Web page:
Football matches

In our bivariate analysis, we discovered a significant increase in male suicide attempts in the urban population after victories by the national team in elimination games and in female suicide-related behaviour after home games of the local football team, Dnipro (Table 2). Our multivariate analysis, however, only shows that there is a significant increase in male suicide-related behaviour when the local team was defeated at home (Table 3 and see Additional file 2).

Other studies have reported that suicide-related behaviour rates may rise significantly after the failure of one’s favourite team [1416]. This has been suggested to result from ‘dysphoric and suicidal moods in individuals who deeply identify themselves with the team’ [15]. Clearly, a fan may view the team as an extension of self [32], and the team’s defeat may be perceived as a personal failure, in some cases reaching clinically significant levels, similar to the impact of traumatic events [33]. All these findings are in agreement with Gabennesch’s theory [2].

However, these findings do not allow for an assessment of the relationship between suicide-related behaviour risk and one’s personal presence at the stadium or watching such events on TV, although it has been suggested that such a relationship may exist [7].

At the same time, the number of fans supporting Dnipro’s guest games was 30 times less than home games (Table 1). As for the games played by the national team, the number of supporters from Dnipropetrovsk was much less. Although all games were broadcast on TV, the two latter types of games were not associated with significant changes in the suicide-related behaviour risks. This may suggest that the increase in the urban suicide-related behaviour rate may be contingent upon fellow fans attending the game.

Unfortunately, ‘there is lack of research focusing on how sports spectatorship might influence levels of suicide risk in individuals, and how mediating variables might operate on the individual level’ [7]. However, the psychological literature on crowds has highlighted that there are two common factors leading to crowd behaviour. First, there must be a ‘seed’, an individual or small group that attempts to engage the crowd. Second, the crowd engages with the seed and has a shared sense of identity [34].

At a football stadium, the seed is fans with a ‘high level of self-identification’ with the team [35]. Therefore, when the crowd engages with the seed, it may temporarily share the high level of self-identification with the team and the defeat of one’s team becomes a significant traumatic event with a ‘broken-promises effect’ for a greater number of people. If such a sub-population is relatively large, it may temporarily increase the suicide-related behaviour rate in the entire population.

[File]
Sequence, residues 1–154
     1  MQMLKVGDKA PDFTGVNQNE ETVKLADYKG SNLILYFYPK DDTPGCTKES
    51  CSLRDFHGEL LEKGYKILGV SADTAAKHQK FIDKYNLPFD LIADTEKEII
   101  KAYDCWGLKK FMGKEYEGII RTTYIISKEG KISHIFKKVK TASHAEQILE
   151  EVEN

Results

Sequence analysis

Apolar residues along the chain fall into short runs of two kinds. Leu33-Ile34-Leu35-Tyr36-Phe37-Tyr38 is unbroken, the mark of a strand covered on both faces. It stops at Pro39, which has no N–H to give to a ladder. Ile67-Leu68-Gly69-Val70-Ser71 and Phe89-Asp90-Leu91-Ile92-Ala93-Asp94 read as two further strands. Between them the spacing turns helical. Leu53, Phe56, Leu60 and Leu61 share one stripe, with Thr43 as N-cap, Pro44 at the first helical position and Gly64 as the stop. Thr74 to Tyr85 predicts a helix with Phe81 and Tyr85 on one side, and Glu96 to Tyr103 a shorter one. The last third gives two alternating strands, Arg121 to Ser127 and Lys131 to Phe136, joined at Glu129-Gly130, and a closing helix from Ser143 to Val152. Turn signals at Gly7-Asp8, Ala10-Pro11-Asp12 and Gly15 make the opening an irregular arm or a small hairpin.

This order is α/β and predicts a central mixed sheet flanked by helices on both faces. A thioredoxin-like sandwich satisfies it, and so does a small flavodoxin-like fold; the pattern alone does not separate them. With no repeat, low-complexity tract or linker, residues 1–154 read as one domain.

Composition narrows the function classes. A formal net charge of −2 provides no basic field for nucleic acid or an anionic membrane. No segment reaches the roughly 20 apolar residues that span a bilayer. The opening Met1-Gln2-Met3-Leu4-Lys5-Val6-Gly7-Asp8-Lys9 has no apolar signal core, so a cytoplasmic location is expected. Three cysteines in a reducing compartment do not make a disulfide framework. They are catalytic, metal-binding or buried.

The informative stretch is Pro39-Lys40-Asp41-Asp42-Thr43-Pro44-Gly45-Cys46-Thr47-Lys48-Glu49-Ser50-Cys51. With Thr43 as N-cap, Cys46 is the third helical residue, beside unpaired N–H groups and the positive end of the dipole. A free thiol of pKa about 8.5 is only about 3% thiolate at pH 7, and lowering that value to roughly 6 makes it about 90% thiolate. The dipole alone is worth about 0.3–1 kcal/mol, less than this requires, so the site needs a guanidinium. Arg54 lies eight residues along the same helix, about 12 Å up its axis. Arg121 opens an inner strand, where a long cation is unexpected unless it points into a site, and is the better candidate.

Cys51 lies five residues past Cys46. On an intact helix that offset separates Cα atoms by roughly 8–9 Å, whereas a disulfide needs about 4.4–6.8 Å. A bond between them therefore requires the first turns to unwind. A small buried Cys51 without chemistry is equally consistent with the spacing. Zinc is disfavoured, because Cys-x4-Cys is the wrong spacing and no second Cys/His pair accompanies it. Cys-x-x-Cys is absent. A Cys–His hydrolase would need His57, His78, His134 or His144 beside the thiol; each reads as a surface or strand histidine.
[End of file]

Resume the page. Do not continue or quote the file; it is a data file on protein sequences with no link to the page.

It is also possible that an increase in urban suicide-related behaviour rate may be related to engaging in aggressive crowd behaviour and excessive alcohol consumption [35, 36], which may lead to escalation of interpersonal conflicts within the family environment [37]. Thus, a recent investigation has asserted that ‘suicide completers were significantly more likely than comparison subjects to have experienced interpersonal conflict in the months leading up to their death’ [38].

It is quite possible that suicide-related behaviour is additionally contingent upon personal harmful events or peculiarities. However, these personal data are not available in our data set. Yet, we find that a significant change of urban male suicide-related behaviour rate takes place when only about 1.6% of the urban population is present at the stadium (Table 1).

Veneration of miracle-working icons and relics

In our bivariate statistical evaluation, we discovered a significant decrease in the relative risk of female suicide attempts and suicide-related behaviour after extraordinary mass events arranged by the Orthodox Church (Table 3). However, multivariate analysis did not support the results of the bivariate analysis.

Mass events in new religious movements

A bivariate statistical analysis showed there was a significant increase in almost all suicide-related behaviour rates after extraordinary mass events held by new religious movements (Tables 2 and 3). Multivariate analysis also showed that this factor had a positive effect for the models of male suicides, male suicide-related behaviour, and total suicide-related behaviour. Thus, new religious movement mass events may have a significant relationship to the suicide-related behaviour risk in a population, even though, on average, the participants of such gatherings as a sub-population do not exceed 0.3% of the total population.

Since Durkheim’s time, scholars have believed that religion acts as a powerful counteragent to suicide [1]. More recently, however, it has been hypothesized that there are both ‘life-preserving’ and ‘non-lifesaving’ beliefs. The latter is ‘probably relatively irrelevant to suicide prevention’ [39].

However, our data regarding new religious movement gatherings cannot be explained by the decrease or disappearance of the anti-suicidal effects of religion. Simultaneously, our findings, as well as those of others [2124], may provide evidence of the existence of some religious cults that may have a negative impact on mental and behavioural aspects of their devotees [40, 41]. Moreover, the exclusive relationship of mass suicides with new religious movements [20] indicates that the doctrines and activities of the latter may include some aspects that increase the suicide-related behaviour risk among devotees. They may also allow their leaders to intensify and synchronize such behaviour up to tragic levels.